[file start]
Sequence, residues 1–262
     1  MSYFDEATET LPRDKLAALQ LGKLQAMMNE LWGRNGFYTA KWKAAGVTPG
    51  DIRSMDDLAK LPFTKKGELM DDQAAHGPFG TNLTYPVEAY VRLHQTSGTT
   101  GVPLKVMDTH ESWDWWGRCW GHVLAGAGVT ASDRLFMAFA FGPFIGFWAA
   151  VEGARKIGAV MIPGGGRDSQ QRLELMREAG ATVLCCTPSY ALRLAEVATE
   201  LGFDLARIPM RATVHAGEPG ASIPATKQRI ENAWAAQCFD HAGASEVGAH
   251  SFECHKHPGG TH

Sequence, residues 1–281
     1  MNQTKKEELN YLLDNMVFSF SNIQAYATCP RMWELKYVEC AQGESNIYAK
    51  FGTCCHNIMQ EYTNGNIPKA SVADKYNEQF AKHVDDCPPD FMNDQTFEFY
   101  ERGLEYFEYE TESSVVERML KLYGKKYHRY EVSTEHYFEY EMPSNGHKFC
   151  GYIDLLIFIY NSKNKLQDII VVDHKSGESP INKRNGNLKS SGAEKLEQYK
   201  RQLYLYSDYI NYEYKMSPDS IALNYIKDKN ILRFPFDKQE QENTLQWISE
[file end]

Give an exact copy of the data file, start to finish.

Sequence, residues 1–262
     1  MSYFDEATET LPRDKLAALQ LGKLQAMMNE LWGRNGFYTA KWKAAGVTPG
    51  DIRSMDDLAK LPFTKKGELM DDQAAHGPFG TNLTYPVEAY VRLHQTSGTT
   101  GVPLKVMDTH ESWDWWGRCW GHVLAGAGVT ASDRLFMAFA FGPFIGFWAA
   151  VEGARKIGAV MIPGGGRDSQ QRLELMREAG ATVLCCTPSY ALRLAEVATE
   201  LGFDLARIPM RATVHAGEPG ASIPATKQRI ENAWAAQCFD HAGASEVGAH
   251  SFECHKHPGG TH

Sequence, residues 1–281
     1  MNQTKKEELN YLLDNMVFSF SNIQAYATCP RMWELKYVEC AQGESNIYAK
    51  FGTCCHNIMQ EYTNGNIPKA SVADKYNEQF AKHVDDCPPD FMNDQTFEFY
   101  ERGLEYFEYE TESSVVERML KLYGKKYHRY EVSTEHYFEY EMPSNGHKFC
   151  GYIDLLIFIY NSKNKLQDII VVDHKSGESP INKRNGNLKS SGAEKLEQYK
   201  RQLYLYSDYI NYEYKMSPDS IALNYIKDKN ILRFPFDKQE QENTLQWISE